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Why Is The Hpv Vaccine Recommended
HPV can cause some types of cancer and genital warts. The vaccine is an important way to prevent infection and the spread of HPV. It works best when given before someone might be exposed to the virus.
The HPV vaccine doesn’t protect against all types of HPV. So people who are sexually active should always use condoms. Girls and women should see their gynecologist regularly and get pap smears as recommended .
Teens or young adults who didn’t start or complete the series of shots can get it up to age 45.
Why Boys Are Not Getting Hpv Vaccine And How To Fix This
A noticeable gender gap exists between boys and girls when it comes to vaccination rates for human papillomavirus . Heres why healthcare providers need to up their game when it comes to HPV vaccine for boys.
Human papillomavirus is the most common sexually transmitted virus in the United States.1 According to the Centers for Disease Control and Prevention, 1 in 4 persons in the United States is currently infected with the virus, which is about 79 million people. Approximately 14 million individuals, including teenagers, are infected every year. Another shocking statistic is that almost every person who is sexually active will get HPV at some point in their lives if they dont receive the vaccine,1 and although 9 of 10 infections resolve on their own within 2 years and cause no symptoms or health problems, 1 in 10 infections persists and can progress to cancer.2
Vaccination rates and the gender gap
According to the CDC, most parents are choosing to get the HPV vaccine for their children, which is good news. In 2017, nearly half of adolescents were up-to-date on the HPV vaccine, and approximately two-thirds of adolescents aged 13 to 17 years received the first dose to start the series.5 On average, the percentage of adolescents who started the vaccine series increased by 5 percentage points each year over the past 5 years .
Boys and girls should be equally informed
Barriers to access
Strategies to Improve uptake of HPV vaccine
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Who Can Have The Hpv Vaccine Through The Nhs Vaccination Programme
The 1st dose of the HPV vaccine is routinely offered to girls and boys aged 12 and 13 in school Year 8. The 2nd dose is offered 6 to 24 months after the 1st dose.
If you miss either of your HPV vaccine doses, speak to your school immunisation team or GP surgery and make an appointment to have the missed dose as soon as possible.
It’s important to have both doses of the vaccine to be fully protected.
If youre eligible and miss the HPV vaccine offered in Year 8 at school, its available for free on the NHS up until your 25th birthday for:
- girls born after 1 September 1991
- boys born after 1 September 2006
Is This Vaccination Safe
Vaccines have to be rigorously tested before they can be widely distributed. The HPV vaccines were tested on thousands of people and shown to be safe before they were released to the public. These vaccines have been used for years now, and experts say the chance of them causing a serious reaction is very slim. The HPV vaccine does not contain mercury or the preservative thimerosal.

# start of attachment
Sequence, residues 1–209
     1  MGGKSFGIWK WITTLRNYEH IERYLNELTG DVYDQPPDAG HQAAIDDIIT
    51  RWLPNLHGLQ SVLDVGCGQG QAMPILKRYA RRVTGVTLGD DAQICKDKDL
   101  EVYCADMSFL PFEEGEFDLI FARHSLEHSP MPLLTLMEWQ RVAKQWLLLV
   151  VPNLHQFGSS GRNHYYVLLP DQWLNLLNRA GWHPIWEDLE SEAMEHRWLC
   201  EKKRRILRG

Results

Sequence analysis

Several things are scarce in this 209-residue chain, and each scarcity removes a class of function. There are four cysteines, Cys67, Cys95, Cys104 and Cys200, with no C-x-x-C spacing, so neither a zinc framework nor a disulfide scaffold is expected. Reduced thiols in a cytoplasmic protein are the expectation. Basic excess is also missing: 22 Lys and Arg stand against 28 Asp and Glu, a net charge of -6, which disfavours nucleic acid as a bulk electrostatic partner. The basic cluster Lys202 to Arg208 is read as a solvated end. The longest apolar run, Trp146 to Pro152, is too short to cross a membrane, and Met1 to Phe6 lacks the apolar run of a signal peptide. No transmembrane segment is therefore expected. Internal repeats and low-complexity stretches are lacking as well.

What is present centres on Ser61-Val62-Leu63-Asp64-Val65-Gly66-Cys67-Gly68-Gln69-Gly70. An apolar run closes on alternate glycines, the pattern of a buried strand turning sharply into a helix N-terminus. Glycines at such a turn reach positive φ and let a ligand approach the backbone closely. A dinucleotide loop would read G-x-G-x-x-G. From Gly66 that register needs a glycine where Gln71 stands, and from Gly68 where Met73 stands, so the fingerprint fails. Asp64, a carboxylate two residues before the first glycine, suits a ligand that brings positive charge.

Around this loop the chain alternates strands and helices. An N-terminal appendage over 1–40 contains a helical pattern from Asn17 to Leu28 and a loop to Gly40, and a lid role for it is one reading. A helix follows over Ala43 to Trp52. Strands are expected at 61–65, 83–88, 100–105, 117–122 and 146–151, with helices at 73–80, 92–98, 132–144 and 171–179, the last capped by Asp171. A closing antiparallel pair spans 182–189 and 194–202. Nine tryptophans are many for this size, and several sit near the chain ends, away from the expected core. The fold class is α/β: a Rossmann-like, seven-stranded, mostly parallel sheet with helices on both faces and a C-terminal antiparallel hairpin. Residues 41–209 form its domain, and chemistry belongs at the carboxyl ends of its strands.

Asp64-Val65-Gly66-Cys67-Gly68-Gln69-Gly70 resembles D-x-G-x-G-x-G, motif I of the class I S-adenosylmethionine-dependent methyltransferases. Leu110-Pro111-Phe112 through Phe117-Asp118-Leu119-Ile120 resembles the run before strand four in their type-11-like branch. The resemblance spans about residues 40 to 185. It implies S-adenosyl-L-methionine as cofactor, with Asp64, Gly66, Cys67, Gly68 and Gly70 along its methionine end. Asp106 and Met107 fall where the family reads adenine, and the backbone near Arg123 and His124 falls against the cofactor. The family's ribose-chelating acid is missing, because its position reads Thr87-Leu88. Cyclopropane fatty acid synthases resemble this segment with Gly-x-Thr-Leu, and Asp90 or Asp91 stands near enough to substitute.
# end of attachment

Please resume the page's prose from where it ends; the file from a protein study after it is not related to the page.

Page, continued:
If I get the HPV vaccine, is there a chance I could get HPV from the vaccine?
The part of the HPV virus used in both vaccines is inactivated , so it can’t cause actual HPV infection.
How Is The Hpv Vaccine Given
The HPV vaccine is given as 2 injections into the upper arm spaced at least 6 months apart.
It’s important to have both doses of the vaccine to be properly protected.
If you missed the HPV vaccine offered in school Year 8, you can get it for free up until your 25th birthday.
Men who have sex with men , and trans men and trans women who are eligible for the vaccine, will also need 2 doses of the vaccine given 6 months apart.
MSM who are HIV positive or have a weakened immune system need to have 3 doses of the HPV vaccine.
If you need 3 doses of the vaccine:
- the 2nd dose should be given at least 1 month after the 1st dose
- the 3rd dose should be given at least 3 months after the 2nd dose
It’s important to have all vaccine doses to be properly protected.
How Do You Catch Hpv
HPV is transmitted from one person to another by genital contact. Although this most often occurs during sexual intercourse, it can also occur during oral or anal sex or through genital-to-genital contact in the absence of sexual intercourse.
HPV infections are unique. First, most people never know they were infected. Unlike a cold in which symptoms develop a few days after exposure to the virus, HPV infections are typically not symptomatic. Second, HPV infections can last for long periods of time. The average length of infection is about eight months however, for about 1 of every 10 women, the infection lasts longer than two years. It is in this group of women that there is an increased risk of developing cervical cancer. Cervical cancer often doesnt occur until 20 years after the initial infection.
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Can’t I Avoid Cervical Cancer By Simply Getting Routine Pap Testing
No. At one time cervical cancer was the most common cause of cancer in the United States. One test changed that: the Papanicolaou test. The Pap test is performed by scraping cells from the opening of the cervix and examining them under the microscope to see whether they have begun to show changes consistent with the early development of cancer . Typically, the length of time from infection with HPV to development of cervical cancer is about 15-20 years. For this reason, although most HPV infections occur in teenagers and young adults, cervical cancer is more common in women in their 40s and 50s.
The Pap test is one of the most effective cancer screening tests available and has dramatically reduced the incidence of cervical cancer in the United States. But the test isn’t perfect and not all women get tested as often as they should.